COVID-19 is caused by the severe acute respiratory syndrome coronavirus 2 (SARS-CoV-2), a novel beta-coronavirus that is responsible for the 2019 coronavirus pandemic. Acute infections should be diagnosed by polymerase chain reaction (PCR) based tests, but serology tests can demonstrate previous exposure to the virus.
We compared the performance of the Diazyme, Roche, and Abbott SARS-CoV-2 serology assays using 179 negative participants to determine negative percentage agreement (NPA) and in 60 SARS-CoV-2 PCR-confirmed positive patients to determine positive percentage agreement (PPA) at 3 different time frames following a positive SARS-CoV-2 PCR result.
At ≥15 days, the PPA (95% CI) was 100 (86.3-100)% for the Diazyme IgM/IgG panel, 96.0 (79.7-99.9)% for the Roche total Ig assay, and 100 (86.3-100)% for the Abbott IgG assay. The NPA (95% CI) was 98.3 (95.2-99.7)% for the Diazyme IgM/IgG panel, 99.4 (96.9-100)% for the Roche total Ig assay, and 98.9 (96.0-99.9)% for the Abbott IgG assay. When the Roche total Ig assay was combined with either the Diazyme IgM/IgG panel or the Abbott IgG assay, the positive predictive value was 100% while the negative predictive value remained greater than 99%.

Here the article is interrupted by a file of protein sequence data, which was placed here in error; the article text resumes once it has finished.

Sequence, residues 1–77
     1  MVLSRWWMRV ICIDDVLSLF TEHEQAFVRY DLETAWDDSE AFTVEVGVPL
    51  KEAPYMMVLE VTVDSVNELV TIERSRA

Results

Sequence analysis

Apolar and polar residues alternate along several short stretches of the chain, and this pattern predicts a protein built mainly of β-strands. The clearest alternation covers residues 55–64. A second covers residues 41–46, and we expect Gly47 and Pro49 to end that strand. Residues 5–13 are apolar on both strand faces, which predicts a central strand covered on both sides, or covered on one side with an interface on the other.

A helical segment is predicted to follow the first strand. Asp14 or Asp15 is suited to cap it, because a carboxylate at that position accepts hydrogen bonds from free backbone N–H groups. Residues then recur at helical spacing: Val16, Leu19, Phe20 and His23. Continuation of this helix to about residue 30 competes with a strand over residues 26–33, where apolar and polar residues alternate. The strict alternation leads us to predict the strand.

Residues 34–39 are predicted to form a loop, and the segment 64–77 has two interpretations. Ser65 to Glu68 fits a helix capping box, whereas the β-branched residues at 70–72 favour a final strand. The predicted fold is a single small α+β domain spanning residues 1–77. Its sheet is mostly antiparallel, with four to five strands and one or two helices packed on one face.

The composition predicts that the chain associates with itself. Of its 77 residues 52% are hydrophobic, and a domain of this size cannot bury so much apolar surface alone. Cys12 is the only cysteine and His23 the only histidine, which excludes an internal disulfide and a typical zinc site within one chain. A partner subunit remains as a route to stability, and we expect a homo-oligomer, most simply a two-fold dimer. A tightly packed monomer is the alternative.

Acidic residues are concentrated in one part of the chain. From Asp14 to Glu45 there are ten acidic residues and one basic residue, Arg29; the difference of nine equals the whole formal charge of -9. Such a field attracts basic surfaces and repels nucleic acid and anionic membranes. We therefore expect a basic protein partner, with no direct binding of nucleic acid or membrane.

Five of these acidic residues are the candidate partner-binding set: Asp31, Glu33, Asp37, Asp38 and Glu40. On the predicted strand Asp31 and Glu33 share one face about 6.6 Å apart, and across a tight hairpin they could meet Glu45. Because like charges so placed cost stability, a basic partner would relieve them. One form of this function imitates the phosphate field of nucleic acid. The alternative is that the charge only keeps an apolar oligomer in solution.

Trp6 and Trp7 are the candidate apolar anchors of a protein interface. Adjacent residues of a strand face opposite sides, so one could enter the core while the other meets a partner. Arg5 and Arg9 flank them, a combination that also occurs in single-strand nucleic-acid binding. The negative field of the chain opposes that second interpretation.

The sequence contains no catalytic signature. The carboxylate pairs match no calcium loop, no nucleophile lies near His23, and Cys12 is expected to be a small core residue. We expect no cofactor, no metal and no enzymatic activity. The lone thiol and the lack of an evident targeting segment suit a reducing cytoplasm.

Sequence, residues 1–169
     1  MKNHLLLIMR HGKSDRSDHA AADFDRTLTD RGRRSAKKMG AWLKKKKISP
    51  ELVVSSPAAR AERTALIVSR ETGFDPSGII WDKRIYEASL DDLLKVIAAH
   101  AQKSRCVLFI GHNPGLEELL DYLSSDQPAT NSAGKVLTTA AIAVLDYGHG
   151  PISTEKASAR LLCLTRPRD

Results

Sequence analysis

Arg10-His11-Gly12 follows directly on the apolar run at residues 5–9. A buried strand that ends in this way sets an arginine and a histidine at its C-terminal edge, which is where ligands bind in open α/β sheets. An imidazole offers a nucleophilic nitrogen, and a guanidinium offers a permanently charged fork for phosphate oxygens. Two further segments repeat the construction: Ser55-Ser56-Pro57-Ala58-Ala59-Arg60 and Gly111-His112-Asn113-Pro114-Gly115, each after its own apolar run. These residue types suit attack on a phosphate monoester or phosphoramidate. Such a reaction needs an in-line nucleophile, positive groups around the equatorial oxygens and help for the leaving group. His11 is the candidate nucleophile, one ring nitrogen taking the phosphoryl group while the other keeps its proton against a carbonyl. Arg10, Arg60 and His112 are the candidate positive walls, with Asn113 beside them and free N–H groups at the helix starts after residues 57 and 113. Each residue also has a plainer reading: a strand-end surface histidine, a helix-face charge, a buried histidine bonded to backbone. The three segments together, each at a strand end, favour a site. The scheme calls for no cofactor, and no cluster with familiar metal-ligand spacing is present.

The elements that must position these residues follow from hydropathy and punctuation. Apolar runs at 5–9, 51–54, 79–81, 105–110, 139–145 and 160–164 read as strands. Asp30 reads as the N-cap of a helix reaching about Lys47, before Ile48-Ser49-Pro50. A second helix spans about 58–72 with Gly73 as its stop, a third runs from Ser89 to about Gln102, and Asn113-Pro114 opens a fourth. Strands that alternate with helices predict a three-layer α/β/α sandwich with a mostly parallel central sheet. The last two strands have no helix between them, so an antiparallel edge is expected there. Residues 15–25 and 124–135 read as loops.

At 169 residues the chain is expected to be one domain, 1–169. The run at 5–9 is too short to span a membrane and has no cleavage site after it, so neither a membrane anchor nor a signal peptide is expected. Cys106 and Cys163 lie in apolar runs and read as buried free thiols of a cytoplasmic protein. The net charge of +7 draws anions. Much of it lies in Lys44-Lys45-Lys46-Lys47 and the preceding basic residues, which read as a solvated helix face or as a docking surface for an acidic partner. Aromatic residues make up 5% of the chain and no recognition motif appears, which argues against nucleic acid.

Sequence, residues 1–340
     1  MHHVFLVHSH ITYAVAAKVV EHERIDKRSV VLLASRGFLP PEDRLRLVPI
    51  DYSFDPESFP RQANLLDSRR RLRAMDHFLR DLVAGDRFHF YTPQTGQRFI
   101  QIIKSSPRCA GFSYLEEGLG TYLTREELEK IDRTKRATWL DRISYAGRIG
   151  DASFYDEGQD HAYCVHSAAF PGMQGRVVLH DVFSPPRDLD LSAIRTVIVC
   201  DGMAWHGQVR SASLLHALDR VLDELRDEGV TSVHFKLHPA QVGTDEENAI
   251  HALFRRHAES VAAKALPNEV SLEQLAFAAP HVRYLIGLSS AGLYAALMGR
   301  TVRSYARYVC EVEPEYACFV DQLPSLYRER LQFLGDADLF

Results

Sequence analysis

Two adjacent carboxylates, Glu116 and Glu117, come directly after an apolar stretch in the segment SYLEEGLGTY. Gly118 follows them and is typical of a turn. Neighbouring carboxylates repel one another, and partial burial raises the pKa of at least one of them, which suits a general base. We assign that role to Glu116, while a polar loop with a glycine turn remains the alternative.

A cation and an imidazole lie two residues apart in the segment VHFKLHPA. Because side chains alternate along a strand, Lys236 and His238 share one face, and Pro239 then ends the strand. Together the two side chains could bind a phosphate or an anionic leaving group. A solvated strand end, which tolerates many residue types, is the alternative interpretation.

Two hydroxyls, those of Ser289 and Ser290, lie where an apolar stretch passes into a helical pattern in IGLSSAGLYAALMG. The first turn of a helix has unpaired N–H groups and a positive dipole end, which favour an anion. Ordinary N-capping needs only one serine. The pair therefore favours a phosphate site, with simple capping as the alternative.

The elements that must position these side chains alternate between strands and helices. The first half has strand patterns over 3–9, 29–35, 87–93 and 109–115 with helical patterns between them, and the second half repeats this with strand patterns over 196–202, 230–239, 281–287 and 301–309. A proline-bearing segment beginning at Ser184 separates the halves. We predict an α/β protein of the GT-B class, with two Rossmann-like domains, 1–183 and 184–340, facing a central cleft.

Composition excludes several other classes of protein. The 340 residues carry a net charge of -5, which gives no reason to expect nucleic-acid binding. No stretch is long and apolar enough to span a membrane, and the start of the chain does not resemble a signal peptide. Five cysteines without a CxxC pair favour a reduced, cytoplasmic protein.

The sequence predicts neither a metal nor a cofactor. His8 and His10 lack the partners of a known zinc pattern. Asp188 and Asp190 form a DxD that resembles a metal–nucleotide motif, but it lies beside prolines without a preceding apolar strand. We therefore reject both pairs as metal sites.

Our data demonstrates that the Diazyme, Roche, and Abbott SARS-CoV-2 serology assays have similar clinical performances. We demonstrated a low false-positive rate across all 3 platforms and observed that false positives observed on the Roche platform are unique compared to those observed on the Diazyme or Abbott assays. Using multiple platforms in tandem increases the PPVs, which is important when screening populations with low disease prevalence.